Tractors to remain exempt from MoT-style testing  

Tractors will not be required to undertake roadworthiness testing in the UK, the government has ruled.

Farmers and contractors have welcomed the decision by the Department for Transport (DfT) not to impose mandatory MOT-style tests for tractors.

Despite some opposition, the DfT agreed with industry views that road use for agricultural tractors is limited compared to other vehicles. Therefore, mandatory vehicle testing will not be introduced.

See also: Tractors on the road – rights, wrongs, rules and regulations

However, roadworthiness testing for tractors used for commercial haulage and capable of travelling at more than 40kph (approximately 25mph) is being introduced from 20 May 2018.

It will apply only to vehicles used further than 15 miles from their base of operation. These tractors should be tested after four years and every two years thereafter.

“Although many tractors do not require a roadworthiness test, all tractor owners must ensure their vehicle is roadworthy before using it on the public road,” said the DfT, in its ruling.  

“This is a legal requirement. In addition, general health and safety requirements apply when using a tractor off the road.”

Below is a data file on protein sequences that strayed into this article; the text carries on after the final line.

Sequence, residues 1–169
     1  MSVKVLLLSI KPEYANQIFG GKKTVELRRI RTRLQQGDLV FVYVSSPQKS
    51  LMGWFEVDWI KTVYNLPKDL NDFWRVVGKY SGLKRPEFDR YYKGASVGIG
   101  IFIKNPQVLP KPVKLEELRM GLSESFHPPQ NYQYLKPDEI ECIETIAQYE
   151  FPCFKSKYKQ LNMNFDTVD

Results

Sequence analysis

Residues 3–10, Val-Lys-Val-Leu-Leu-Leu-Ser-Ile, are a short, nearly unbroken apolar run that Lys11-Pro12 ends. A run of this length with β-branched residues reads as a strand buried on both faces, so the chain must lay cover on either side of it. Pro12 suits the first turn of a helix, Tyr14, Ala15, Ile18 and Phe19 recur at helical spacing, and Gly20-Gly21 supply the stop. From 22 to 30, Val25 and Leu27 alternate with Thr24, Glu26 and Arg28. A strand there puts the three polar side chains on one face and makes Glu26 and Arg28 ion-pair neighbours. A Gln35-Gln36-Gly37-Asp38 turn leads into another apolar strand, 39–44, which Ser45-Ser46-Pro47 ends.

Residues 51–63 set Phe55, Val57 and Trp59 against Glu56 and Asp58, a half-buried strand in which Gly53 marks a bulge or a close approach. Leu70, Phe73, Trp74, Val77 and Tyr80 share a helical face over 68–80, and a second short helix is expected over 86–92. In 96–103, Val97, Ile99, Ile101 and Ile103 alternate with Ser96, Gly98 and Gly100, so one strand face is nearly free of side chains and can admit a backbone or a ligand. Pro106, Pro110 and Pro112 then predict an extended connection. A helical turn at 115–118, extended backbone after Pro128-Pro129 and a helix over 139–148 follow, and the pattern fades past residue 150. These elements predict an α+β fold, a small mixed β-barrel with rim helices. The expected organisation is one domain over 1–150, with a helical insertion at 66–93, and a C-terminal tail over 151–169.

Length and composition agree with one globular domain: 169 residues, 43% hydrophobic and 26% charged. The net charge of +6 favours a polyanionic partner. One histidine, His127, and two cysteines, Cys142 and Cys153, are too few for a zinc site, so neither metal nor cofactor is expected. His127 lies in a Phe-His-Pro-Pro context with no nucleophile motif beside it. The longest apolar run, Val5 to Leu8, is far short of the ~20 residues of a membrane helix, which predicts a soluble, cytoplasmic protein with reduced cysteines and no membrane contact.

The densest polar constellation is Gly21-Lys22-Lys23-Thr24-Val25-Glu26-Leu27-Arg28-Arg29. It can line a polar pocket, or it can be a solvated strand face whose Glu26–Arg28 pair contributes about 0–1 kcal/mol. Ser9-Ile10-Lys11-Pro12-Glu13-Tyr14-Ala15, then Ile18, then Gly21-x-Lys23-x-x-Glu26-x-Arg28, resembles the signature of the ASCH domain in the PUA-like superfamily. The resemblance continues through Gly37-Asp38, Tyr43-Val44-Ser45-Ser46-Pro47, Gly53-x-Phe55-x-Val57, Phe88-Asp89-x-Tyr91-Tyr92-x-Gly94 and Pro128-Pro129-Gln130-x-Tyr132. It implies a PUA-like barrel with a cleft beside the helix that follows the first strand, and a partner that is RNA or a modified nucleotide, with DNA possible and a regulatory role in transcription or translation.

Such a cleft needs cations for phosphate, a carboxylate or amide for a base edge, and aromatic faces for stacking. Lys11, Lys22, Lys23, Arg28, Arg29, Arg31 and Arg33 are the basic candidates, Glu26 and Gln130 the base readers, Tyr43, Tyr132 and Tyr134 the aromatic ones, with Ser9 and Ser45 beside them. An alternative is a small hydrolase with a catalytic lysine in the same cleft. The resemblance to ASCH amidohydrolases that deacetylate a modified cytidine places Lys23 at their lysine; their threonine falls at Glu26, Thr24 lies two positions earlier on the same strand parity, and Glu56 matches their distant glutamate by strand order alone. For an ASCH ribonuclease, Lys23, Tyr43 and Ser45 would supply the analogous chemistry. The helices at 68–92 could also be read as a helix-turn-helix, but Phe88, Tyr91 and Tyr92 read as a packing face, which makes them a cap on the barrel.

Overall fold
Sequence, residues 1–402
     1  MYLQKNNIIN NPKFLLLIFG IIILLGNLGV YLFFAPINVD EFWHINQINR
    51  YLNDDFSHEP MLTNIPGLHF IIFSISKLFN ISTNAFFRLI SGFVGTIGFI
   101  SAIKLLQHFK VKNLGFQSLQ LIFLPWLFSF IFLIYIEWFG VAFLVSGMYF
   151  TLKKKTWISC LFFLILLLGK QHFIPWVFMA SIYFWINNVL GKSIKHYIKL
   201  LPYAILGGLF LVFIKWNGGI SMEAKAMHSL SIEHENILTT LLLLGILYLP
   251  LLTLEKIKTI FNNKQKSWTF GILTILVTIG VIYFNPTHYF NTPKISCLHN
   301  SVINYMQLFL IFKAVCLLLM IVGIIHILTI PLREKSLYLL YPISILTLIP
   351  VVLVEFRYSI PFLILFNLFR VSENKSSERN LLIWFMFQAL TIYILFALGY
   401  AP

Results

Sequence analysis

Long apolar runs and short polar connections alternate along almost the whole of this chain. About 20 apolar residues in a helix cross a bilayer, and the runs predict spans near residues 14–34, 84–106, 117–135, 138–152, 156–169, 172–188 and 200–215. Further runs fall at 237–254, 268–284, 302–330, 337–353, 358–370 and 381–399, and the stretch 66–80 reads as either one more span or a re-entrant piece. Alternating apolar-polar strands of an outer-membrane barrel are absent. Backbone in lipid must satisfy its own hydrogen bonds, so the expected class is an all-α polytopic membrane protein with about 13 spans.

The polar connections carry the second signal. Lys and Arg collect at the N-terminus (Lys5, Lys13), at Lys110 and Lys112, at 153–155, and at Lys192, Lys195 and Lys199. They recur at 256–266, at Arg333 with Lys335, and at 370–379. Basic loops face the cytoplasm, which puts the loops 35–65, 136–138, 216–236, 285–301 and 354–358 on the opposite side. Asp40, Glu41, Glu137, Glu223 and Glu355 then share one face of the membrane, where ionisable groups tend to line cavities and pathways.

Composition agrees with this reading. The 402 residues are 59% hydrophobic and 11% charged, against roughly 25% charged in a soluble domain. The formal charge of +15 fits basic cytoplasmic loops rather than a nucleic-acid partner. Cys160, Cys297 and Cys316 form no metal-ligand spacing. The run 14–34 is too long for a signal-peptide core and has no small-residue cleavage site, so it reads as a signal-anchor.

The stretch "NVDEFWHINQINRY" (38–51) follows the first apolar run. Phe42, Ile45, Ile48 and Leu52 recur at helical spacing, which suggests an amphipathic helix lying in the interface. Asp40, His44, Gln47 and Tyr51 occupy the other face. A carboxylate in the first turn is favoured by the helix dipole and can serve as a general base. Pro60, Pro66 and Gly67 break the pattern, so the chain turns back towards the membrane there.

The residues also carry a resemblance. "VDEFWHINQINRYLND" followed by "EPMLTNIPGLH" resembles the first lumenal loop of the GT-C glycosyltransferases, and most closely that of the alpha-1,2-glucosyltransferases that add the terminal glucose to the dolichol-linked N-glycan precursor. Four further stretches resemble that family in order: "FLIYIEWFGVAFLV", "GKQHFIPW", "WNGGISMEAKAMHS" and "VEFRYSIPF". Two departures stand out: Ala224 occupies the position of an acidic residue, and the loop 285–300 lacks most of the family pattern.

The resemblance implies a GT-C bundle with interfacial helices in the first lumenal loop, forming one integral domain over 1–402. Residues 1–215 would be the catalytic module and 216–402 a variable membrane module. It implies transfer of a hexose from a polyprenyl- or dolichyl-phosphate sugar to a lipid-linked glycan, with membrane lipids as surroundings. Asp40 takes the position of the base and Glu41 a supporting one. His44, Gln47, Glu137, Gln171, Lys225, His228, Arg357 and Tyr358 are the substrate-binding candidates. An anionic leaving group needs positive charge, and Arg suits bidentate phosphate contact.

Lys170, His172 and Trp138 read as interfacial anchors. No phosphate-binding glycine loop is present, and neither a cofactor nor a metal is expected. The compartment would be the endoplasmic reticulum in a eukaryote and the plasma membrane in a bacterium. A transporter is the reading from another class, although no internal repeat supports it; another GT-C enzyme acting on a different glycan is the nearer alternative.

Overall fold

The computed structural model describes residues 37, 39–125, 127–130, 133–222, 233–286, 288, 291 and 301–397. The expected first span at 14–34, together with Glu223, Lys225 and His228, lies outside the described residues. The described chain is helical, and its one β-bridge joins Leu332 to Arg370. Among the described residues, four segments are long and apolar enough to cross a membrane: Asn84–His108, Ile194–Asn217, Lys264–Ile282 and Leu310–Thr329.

Ruling welcomed

The DfT’s consultation sought views on the introduction of roadworthiness testing for fast tractors and other changes to roadworthiness testing. It received 39 responses from individuals, businesses and organisations.

The National Association of Agricultural Contractors (NAAC) welcomed the decision to keep tractors classified as “agricultural machines” for tax purposes exempt from testing.

Jill Hewitt, NAAC technical consultant, said: “Agricultural tractors spend the majority of their time off-road and the NAAC supports the decision not to introduce mandatory roadworthiness testing.

“However, it is important that contractors and farmers use the vehicles solely for agricultural use and do not step into commercial haulage without abiding by necessary transport regulations.”

She added: “It is also vital, to protect the safety of road users, that all tractors are safe on the roads and the industry must continue to be rigorous in daily maintenance checks and regular servicing.”

The majority of tractors may travel at 40kph on the road. The weight limit for agricultural tractor and trailer combinations is 31 tonnes. The trailer itself is limited to 18.29 tonnes (including any load imposed on the tractor through the hitch).

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